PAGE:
Big Bacteria Sightings

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Science  10 Aug 2007:
Vol. 317, Issue 5839, pp. 723
DOI: 10.1126/science.317.5839.723a

Although communities of unusually large bacteria, like the gigantic 1-mm-diameter Thiomargarita spp. found off the Namibian coast in 1999, have only recently been discovered in marine sediments, it seems that they might occur widely in the benthos. During a long inter-El Niño (1998 to 2004) period along the western coast of South America, Gallardo and Espinoza discovered that fairly large (roughly 1 × 100 mm) filamentous bacteria could be recovered from sulfidic sediments overlain by oxygen-deficient water. As the El Niño-Southern Oscillation persisted, repeat sampling showed that the community shifted from a mixed eukaryote plus megabacteria (Thioploca spp.) composition to an exclusively anaerobic complex of the newly discovered filamentous bacteria (with an accompanying loss of megafauna). These macrobacteria appear to be diverse, presumably representing many ecotypes, and there are several phenotypes, some motile and some containing refractive sulfur granules. The authors speculate that very similar assemblages may have been present in anoxic pre-Cambrian oceans. — CA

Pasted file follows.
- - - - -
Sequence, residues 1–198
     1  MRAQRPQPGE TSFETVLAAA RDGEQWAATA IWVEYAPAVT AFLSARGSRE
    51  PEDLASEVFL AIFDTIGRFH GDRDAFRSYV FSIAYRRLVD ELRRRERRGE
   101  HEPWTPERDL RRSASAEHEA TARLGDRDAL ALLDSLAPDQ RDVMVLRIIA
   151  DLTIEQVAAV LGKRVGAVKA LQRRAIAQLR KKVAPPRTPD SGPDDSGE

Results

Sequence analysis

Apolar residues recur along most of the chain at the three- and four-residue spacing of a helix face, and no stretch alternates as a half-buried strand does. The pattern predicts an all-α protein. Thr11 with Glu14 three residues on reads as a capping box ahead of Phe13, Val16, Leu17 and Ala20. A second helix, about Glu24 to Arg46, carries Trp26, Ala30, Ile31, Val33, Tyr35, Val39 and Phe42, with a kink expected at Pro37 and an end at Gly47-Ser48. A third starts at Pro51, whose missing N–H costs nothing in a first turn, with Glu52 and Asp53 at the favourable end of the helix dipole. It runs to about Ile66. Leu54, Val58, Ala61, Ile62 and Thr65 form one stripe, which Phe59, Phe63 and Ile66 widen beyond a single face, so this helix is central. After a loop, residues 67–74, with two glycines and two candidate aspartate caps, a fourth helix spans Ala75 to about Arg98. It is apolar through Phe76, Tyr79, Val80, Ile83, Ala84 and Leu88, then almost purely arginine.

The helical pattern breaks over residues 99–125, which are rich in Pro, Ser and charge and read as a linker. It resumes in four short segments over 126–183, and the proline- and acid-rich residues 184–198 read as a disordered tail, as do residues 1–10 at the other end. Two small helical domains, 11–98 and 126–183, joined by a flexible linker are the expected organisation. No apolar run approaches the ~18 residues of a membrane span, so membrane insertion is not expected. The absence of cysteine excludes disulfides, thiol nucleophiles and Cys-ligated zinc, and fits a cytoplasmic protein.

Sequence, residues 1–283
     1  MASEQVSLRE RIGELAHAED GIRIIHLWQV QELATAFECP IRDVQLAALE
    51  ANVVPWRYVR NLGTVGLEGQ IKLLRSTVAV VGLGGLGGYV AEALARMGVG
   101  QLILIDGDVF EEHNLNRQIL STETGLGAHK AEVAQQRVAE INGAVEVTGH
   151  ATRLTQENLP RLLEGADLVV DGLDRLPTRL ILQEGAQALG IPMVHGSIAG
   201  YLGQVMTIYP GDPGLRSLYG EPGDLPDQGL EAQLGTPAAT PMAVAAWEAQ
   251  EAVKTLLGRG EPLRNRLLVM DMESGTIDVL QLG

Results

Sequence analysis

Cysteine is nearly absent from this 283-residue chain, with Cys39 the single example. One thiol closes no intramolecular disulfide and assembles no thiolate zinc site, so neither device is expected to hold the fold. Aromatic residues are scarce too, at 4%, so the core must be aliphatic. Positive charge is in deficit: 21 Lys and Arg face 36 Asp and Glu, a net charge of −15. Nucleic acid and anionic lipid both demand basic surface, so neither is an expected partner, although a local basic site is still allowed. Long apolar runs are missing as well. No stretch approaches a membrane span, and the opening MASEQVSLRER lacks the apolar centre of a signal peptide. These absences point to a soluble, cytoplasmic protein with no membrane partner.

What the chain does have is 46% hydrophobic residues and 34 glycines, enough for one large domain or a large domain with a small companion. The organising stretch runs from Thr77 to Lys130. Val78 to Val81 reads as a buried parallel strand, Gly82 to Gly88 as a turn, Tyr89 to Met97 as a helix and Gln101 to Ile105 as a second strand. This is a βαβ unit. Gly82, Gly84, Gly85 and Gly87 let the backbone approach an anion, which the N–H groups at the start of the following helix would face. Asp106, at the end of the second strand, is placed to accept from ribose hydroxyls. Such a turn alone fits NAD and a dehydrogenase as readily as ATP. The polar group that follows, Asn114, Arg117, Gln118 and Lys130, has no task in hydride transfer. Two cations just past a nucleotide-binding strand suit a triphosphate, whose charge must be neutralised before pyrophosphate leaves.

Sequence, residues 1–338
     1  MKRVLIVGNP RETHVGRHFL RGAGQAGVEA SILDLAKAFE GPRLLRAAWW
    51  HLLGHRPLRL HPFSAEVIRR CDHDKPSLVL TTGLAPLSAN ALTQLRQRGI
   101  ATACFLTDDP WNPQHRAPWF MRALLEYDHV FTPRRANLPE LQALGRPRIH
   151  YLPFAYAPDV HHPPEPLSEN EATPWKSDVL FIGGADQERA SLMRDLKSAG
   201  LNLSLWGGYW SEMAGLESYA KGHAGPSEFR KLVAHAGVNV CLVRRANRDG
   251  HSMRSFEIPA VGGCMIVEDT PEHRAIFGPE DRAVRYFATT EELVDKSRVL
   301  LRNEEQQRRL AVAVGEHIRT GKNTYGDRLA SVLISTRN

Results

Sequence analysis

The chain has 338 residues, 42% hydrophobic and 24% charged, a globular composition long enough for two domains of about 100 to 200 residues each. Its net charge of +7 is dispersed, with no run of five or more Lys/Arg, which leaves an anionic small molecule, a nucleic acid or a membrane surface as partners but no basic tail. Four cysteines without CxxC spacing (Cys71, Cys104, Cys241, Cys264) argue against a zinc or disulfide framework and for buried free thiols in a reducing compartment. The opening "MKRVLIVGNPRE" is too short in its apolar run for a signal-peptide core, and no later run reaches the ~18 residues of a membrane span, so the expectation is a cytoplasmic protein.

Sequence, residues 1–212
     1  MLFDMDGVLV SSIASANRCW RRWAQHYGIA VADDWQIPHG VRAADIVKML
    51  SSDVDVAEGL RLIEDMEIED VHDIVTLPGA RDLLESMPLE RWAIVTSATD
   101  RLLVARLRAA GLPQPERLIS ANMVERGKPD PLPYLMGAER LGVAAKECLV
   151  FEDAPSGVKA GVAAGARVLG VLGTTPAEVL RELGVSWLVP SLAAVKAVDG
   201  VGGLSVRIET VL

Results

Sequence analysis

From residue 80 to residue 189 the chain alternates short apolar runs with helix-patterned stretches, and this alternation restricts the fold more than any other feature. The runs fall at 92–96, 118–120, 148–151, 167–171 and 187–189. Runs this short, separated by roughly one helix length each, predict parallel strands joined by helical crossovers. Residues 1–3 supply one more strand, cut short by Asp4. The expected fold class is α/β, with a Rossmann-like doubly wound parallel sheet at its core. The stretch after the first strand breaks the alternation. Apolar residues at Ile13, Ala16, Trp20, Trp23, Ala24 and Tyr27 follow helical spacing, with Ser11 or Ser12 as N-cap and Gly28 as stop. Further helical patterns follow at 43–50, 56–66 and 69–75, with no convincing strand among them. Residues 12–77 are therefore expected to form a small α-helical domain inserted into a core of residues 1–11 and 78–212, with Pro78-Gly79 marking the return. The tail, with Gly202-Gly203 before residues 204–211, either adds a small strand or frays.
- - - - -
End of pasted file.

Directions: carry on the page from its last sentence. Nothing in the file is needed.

Int. Microbiol. 10, 97 (2007).

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